Review: Botran Solera 1893 and Reserva Rum (2010)
Botran Rum, aka Ron Botran or Casa Botran, hails from Guatemala and is distilled by the same outfit that makes the fantastic Ron Zacapa, Industrias Licoreras de Guatemala.
Located about a mile and a half above sea level, Botran’s rums are matured in a very cool warehouse compared to most of the industry, where the rum is made to sweat it out in tropical climes. Botran’s portfolio spans six rums. We tried two, the most noteworthy offerings available in the U.S.
Both are 80 proof.
Botran Solera 1893 – Botran didn’t start making rum until 1939, so don’t think you’re getting rum that’s over 100 years old here. But this solera-style spirit certainly does have some really old spirit in it, judging by the deep amber color and intense aroma of wood here. The flavor profile is classic for a quality anejo: Almonds, marshmallows, a touch of black cherry, and lots and lots of turbinado sugar. A little bitter on the finish, alas, but overall this is a really quality rum — and a real bargain at $30 a bottle. A- / $30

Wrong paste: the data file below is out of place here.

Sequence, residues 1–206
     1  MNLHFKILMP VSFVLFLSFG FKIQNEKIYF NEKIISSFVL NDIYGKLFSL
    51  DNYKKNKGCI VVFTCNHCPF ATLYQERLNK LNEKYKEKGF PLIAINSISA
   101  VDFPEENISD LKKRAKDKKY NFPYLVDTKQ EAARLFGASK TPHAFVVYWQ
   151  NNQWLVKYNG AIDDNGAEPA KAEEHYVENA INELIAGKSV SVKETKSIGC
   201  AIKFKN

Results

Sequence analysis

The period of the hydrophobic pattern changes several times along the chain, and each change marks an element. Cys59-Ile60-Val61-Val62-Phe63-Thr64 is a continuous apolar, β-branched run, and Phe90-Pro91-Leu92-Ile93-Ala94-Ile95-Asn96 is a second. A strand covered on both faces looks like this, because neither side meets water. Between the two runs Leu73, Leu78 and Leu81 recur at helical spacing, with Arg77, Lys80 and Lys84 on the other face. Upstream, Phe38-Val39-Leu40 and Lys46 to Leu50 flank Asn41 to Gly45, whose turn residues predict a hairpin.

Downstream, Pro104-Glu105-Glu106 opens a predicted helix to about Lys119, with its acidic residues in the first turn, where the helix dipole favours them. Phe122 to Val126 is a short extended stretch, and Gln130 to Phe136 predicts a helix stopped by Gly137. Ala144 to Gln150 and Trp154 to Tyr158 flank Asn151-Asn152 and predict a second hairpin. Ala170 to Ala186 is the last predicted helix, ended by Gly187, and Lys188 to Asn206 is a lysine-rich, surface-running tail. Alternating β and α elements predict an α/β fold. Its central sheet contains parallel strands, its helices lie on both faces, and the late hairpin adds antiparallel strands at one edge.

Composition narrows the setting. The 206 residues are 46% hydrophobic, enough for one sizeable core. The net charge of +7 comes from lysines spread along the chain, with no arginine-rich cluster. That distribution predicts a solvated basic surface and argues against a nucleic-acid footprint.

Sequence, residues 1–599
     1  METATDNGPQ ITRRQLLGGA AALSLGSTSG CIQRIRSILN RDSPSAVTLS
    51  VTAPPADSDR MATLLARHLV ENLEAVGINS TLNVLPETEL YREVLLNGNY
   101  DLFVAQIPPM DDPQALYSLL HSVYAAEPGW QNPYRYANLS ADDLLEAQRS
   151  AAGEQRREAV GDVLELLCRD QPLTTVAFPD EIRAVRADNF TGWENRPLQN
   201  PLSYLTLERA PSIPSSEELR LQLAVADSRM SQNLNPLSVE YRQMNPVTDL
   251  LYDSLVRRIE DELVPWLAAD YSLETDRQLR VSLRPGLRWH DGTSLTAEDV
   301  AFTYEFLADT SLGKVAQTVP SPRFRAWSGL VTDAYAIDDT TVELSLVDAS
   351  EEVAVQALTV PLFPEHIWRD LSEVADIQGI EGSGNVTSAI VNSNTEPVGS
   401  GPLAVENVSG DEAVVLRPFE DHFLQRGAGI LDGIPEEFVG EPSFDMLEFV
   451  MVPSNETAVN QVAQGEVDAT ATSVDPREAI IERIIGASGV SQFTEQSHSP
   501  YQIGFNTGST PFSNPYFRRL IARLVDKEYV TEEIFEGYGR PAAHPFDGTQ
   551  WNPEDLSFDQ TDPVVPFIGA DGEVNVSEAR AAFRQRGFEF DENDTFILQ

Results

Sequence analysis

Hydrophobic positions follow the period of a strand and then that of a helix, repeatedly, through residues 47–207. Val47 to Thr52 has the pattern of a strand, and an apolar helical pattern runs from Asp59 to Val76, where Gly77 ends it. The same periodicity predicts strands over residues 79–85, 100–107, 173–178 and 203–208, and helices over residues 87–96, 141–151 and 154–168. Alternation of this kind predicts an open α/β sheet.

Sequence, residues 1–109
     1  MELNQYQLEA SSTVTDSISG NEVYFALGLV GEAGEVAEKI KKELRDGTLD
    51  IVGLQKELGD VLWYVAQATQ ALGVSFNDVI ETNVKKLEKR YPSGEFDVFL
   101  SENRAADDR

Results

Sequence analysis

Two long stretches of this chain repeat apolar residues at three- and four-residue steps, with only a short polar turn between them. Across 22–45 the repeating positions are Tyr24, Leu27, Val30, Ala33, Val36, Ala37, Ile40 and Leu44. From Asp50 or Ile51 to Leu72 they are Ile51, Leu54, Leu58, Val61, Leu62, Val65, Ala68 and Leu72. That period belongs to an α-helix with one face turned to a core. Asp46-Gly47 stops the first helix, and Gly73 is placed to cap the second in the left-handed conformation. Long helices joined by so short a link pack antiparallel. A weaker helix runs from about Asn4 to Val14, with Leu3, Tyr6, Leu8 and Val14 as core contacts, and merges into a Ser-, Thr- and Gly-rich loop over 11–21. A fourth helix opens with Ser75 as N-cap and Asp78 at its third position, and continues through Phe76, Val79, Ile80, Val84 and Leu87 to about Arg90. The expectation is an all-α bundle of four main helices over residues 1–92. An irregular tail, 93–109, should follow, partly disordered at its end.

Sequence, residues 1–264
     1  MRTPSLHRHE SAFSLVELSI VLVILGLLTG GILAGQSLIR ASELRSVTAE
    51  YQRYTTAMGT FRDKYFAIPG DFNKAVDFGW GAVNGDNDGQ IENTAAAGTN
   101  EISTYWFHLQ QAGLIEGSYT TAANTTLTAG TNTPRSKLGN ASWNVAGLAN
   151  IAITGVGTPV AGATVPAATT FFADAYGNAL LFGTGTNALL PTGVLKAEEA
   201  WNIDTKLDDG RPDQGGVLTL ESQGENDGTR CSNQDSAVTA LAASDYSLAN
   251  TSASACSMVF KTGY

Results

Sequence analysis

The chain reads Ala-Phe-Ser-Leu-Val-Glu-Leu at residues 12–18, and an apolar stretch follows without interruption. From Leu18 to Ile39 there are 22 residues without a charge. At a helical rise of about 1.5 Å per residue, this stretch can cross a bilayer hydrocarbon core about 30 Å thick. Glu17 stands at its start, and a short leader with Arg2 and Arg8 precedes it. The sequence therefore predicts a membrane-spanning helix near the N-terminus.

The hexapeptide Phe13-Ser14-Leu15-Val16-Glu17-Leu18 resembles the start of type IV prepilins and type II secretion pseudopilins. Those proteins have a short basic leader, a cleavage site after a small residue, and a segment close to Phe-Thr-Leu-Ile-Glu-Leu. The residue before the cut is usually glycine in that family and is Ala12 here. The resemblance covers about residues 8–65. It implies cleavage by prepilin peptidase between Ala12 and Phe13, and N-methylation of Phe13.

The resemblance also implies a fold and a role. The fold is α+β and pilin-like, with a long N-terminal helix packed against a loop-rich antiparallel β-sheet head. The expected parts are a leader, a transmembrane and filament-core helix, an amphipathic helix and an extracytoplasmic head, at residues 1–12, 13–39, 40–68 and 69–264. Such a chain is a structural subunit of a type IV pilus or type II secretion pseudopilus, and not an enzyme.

Botran Reserva (2010) – Quite a different rum than the Solera, with less body but even more sweetness. This anejo is blend of various rums from 5 to 14 years old, rich with tropical flavors — banana and coconut — plus a good slug of caramel character. There’s less overwhelming brown sugar character here than in the Solera, and the Reserva’s finish is exquisitely smooth. This is a real winner of a rum, and, like the Solera, also a truly impressive bargain. A / $24
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